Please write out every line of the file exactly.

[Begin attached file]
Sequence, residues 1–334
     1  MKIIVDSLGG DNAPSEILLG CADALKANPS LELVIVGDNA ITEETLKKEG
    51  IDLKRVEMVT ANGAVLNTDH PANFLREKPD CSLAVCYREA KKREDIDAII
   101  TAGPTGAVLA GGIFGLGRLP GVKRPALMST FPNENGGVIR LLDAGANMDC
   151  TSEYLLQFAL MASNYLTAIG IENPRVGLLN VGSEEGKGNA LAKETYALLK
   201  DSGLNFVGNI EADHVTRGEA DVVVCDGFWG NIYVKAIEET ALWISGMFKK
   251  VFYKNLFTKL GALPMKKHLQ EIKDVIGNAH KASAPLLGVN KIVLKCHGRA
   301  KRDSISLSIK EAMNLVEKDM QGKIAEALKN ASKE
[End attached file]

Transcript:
Sequence, residues 1–334
     1  MKIIVDSLGG DNAPSEILLG CADALKANPS LELVIVGDNA ITEETLKKEG
    51  IDLKRVEMVT ANGAVLNTDH PANFLREKPD CSLAVCYREA KKREDIDAII
   101  TAGPTGAVLA GGIFGLGRLP GVKRPALMST FPNENGGVIR LLDAGANMDC
   151  TSEYLLQFAL MASNYLTAIG IENPRVGLLN VGSEEGKGNA LAKETYALLK
   201  DSGLNFVGNI EADHVTRGEA DVVVCDGFWG NIYVKAIEET ALWISGMFKK
   251  VFYKNLFTKL GALPMKKHLQ EIKDVIGNAH KASAPLLGVN KIVLKCHGRA
   301  KRDSISLSIK EAMNLVEKDM QGKIAEALKN ASKE